Try our beta test site
IMPORTANT: Listing of a study on this site does not reflect endorsement by the National Institutes of Health. Talk with a trusted healthcare professional before volunteering for a study. Read more...

Developing an Intervention to Address Suicide Risk During Substance Use Disorder

This study has been completed.
National Institute on Drug Abuse (NIDA)
Information provided by (Responsible Party):
Mark A. Ilgen, University of Michigan Identifier:
First received: May 20, 2010
Last updated: May 11, 2015
Last verified: May 2015
This is a 2-year study designed to: (1) adapt and refine an existing cognitive-behavioral treatment (CBT) intervention to decrease suicidal thoughts and behaviors for use in Substance Use Disorder (SUD) treatment settings, and (2) conduct a pilot randomized controlled trial with 50 patients in treatment for SUDs comparing the CBT intervention to an enhanced control condition. Through this pilot randomized controlled trial, the investigators hope to not only obtain information about the feasibility of implementing these procedures in residential SUD treatment, but to also determine whether this intervention decreases the level of suicidal ideation, suicide attempts, hopelessness, and frequency of substance use relative to the control condition.

Condition Intervention
Substance-Related Disorders
Behavioral: Psychoeducation for substance abuse
Behavioral: CBT for suicide in Substance abuse

Study Type: Interventional
Study Design: Allocation: Randomized
Intervention Model: Parallel Assignment
Masking: Double Blind (Participant, Investigator)
Primary Purpose: Supportive Care

Resource links provided by NLM:

Further study details as provided by Mark A. Ilgen, University of Michigan:

Primary Outcome Measures:
  • Level of Suicidal Ideation [ Time Frame: Six months ]

Enrollment: 56
Study Start Date: April 2010
Study Completion Date: September 2011
Primary Completion Date: July 2011 (Final data collection date for primary outcome measure)
Arms Assigned Interventions
Experimental: CBT for suicide Behavioral: CBT for suicide in Substance abuse
The therapeutic intervention group is designed to provide beneficial coping strategies that are helpful in dealing with both substance use and suicidal thoughts.
Active Comparator: Enhanced care control group
This group is designed to be an active control which provides detailed information about substance use, suicide risk, and depression without providing any CBT or other specific therapy.
Behavioral: Psychoeducation for substance abuse
This active control provides detailed information about substance use, suicide risk, and depression to those enrolled.

Detailed Description:
Existing research indicates that problematic alcohol and drug use are closely linked to both fatal and non-fatal suicide attempts. Given the strong association between substance use and suicide, an episode of substance use disorder (SUD) treatment provides a unique opportunity to decrease the likelihood of suicidal behaviors. However, there are no data on the effectiveness of specific interventions designed to decrease suicidal thoughts and behaviors during an episode of SUD treatment in individuals at high risk for suicide. Patients for this trial will be screened at the SUD treatment site for a combination of a past suicide attempt and current suicidal ideation and will be randomized to CBT or control conditions. All participants in the pilot randomized controlled trial will be assessed at baseline, at the end of treatment, and at a 3-month follow-up. From a public health perspective, SUD treatment programs contain large numbers of patients at high risk for future suicidal behaviors and therefore have the potential to play a central role in our nation's efforts to decrease suicide.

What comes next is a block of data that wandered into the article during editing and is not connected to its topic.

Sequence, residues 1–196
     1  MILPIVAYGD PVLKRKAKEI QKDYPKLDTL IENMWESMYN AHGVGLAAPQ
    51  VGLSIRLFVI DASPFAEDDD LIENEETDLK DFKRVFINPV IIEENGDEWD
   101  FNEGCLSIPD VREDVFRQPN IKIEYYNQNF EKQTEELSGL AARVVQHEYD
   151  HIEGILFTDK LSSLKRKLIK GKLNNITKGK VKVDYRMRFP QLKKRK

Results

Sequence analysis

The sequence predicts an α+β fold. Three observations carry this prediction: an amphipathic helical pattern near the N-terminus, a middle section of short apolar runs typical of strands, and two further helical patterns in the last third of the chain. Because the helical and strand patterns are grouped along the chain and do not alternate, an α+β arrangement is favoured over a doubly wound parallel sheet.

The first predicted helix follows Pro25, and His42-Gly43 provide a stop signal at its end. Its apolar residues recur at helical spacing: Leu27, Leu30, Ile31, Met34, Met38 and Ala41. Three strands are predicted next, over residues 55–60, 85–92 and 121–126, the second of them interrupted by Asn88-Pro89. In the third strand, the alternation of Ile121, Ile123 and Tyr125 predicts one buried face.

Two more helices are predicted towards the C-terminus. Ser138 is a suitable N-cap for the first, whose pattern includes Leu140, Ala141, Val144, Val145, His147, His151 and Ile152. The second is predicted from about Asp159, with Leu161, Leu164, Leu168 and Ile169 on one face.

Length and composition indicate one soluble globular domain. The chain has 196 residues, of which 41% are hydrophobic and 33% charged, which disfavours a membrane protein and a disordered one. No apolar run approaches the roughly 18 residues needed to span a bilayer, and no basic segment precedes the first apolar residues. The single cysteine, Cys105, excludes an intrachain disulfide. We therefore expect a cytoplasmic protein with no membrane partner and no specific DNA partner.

Ages Eligible for Study:   18 Years and older   (Adult, Senior)
Sexes Eligible for Study:   All
Accepts Healthy Volunteers:   No

Inclusion Criteria:

  • Must be over 18 years of age
  • Report a past lifetime suicide attempt
  • Report current suicidal ideation
  • Resided in treatment for less than 4 weeks
  • In treatment for less than 6 months

Exclusion Criteria:

  • Mental incompetence (e.g. unable to provide informed consent)
  • Diagnosis of schizophrenia or currently psychotic
  Contacts and Locations
Choosing to participate in a study is an important personal decision. Talk with your doctor and family members or friends about deciding to join a study. To learn more about this study, you or your doctor may contact the study research staff using the Contacts provided below. For general information, see Learn About Clinical Studies.

Please refer to this study by its identifier: NCT01127932

United States, Michigan
Community Programs, INC.
Waterford, Michigan, United States, 48327
Sponsors and Collaborators
University of Michigan
National Institute on Drug Abuse (NIDA)
  More Information

Responsible Party: Mark A. Ilgen, Associate Professor of Psychiatry, University of Michigan Identifier: NCT01127932     History of Changes
Other Study ID Numbers: 5R21DA026925-02 ( US NIH Grant/Contract Award Number )
Study First Received: May 20, 2010
Last Updated: May 11, 2015

Keywords provided by Mark A. Ilgen, University of Michigan:
Cognitive Behavioral Therapy

Additional relevant MeSH terms:
Substance-Related Disorders
Self-Injurious Behavior
Behavioral Symptoms
Chemically-Induced Disorders
Mental Disorders processed this record on May 25, 2017